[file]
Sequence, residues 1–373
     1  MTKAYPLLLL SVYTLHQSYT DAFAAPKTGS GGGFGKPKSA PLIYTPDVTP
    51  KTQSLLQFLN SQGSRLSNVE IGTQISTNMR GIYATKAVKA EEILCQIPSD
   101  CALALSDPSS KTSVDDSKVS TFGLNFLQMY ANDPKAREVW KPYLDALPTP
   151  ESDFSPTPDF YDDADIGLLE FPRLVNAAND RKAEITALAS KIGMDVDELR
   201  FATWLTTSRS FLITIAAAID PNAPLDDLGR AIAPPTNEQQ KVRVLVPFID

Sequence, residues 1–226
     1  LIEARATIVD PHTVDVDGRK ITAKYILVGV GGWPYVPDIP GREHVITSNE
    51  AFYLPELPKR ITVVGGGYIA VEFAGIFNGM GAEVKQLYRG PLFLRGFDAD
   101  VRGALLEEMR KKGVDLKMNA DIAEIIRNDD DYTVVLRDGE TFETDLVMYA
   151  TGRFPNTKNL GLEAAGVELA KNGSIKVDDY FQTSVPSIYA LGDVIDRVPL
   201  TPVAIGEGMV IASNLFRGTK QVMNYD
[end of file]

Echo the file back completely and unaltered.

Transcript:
Sequence, residues 1–373
     1  MTKAYPLLLL SVYTLHQSYT DAFAAPKTGS GGGFGKPKSA PLIYTPDVTP
    51  KTQSLLQFLN SQGSRLSNVE IGTQISTNMR GIYATKAVKA EEILCQIPSD
   101  CALALSDPSS KTSVDDSKVS TFGLNFLQMY ANDPKAREVW KPYLDALPTP
   151  ESDFSPTPDF YDDADIGLLE FPRLVNAAND RKAEITALAS KIGMDVDELR
   201  FATWLTTSRS FLITIAAAID PNAPLDDLGR AIAPPTNEQQ KVRVLVPFID

Sequence, residues 1–226
     1  LIEARATIVD PHTVDVDGRK ITAKYILVGV GGWPYVPDIP GREHVITSNE
    51  AFYLPELPKR ITVVGGGYIA VEFAGIFNGM GAEVKQLYRG PLFLRGFDAD
   101  VRGALLEEMR KKGVDLKMNA DIAEIIRNDD DYTVVLRDGE TFETDLVMYA
   151  TGRFPNTKNL GLEAAGVELA KNGSIKVDDY FQTSVPSIYA LGDVIDRVPL
   201  TPVAIGEGMV IASNLFRGTK QVMNYD